Commom Symptoms: Definite signs of weakness in herd cattle, difficulty in breathing, convulsions, bloody discharges from natural openings of the body, mild fever & muscle aches & stomach pain. Anthrax is primarily a disease of domestic and wild animals, particularly herbivorous animals, such as cattle, sheep, horses, mules, and goats. Outbreaks in swine, dogs, cats, and wild animals held in captivity generally result from consumption of contaminated food. The disease may occur in an acute or sub acute form. Anthrax typically causes an unusual rise in body temperature followed by depression, cardiac distress, staggering and death. Affected animals sometimes die of suffocation. Prophylactic vaccination is extensively used in preventing anthrax in livestock. Bloody discharges sometimes come from the natural body openings, and fluid swellings may appear on different parts of the body. During outbreaks, strict quarantine measures should be adopted. In horses and pigs, anthrax spreads more gradually with progressive swelling of the throat and neck. The disease is highly contagious. Extreme caution should be used in handling infected and dead animals.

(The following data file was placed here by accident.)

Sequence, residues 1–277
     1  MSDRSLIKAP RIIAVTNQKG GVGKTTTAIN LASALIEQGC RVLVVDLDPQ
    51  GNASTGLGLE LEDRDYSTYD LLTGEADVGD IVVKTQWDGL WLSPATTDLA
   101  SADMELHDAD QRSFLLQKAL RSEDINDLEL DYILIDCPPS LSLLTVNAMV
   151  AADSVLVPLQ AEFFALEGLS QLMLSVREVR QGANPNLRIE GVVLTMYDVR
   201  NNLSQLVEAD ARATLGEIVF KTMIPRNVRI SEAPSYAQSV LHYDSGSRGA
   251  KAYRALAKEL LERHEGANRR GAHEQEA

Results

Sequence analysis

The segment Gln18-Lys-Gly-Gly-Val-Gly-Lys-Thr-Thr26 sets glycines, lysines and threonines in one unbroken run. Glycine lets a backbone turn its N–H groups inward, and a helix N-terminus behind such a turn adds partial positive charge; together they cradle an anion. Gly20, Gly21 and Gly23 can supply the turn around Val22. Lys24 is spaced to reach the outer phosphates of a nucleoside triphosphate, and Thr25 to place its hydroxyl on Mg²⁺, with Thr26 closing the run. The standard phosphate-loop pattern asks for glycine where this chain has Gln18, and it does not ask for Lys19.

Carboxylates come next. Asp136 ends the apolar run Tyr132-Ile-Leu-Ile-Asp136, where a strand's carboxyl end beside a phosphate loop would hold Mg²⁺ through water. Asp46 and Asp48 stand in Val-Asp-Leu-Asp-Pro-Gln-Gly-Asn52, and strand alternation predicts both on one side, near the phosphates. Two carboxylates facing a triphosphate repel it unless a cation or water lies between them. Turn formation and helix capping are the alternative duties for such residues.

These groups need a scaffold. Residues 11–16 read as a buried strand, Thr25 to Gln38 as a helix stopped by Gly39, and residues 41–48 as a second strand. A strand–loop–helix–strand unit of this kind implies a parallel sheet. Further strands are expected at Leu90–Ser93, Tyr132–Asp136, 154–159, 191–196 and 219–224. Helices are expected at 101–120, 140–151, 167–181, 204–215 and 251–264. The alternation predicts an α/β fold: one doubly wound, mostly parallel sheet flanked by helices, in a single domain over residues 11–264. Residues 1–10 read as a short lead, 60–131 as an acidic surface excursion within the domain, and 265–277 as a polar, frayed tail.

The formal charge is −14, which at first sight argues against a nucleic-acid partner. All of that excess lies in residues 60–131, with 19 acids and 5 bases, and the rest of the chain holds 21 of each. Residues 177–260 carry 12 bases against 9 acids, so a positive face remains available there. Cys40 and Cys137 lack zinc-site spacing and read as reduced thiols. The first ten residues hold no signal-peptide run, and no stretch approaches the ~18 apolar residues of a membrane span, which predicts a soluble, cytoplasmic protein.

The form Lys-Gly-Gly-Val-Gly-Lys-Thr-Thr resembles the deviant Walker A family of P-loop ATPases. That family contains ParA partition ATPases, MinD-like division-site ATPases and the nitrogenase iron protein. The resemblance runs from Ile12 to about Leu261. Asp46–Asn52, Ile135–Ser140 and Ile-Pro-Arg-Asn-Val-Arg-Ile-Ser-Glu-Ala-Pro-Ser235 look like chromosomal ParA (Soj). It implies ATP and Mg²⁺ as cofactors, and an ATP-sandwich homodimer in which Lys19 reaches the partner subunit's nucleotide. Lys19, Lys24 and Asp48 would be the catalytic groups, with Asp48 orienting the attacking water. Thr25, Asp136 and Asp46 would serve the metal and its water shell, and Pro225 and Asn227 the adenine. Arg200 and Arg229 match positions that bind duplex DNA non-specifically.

Treatments: Fluoroquinones like ciprofloxacin, levofloxacin, or ofloxacin are preferred treatments for anthrax. Ciprofloxacin, Tetracyc line and Doxycyclineare to be used only as second-line of defense.

Vaccines & Prevention: Vaccination is very effective in preventing further occurrence of anthrax in animals. This is useful even after an outbreak has occurred but the time for resistance is about 14 days. Antibiotics should not be used together with vaccines.

2. Black-quarter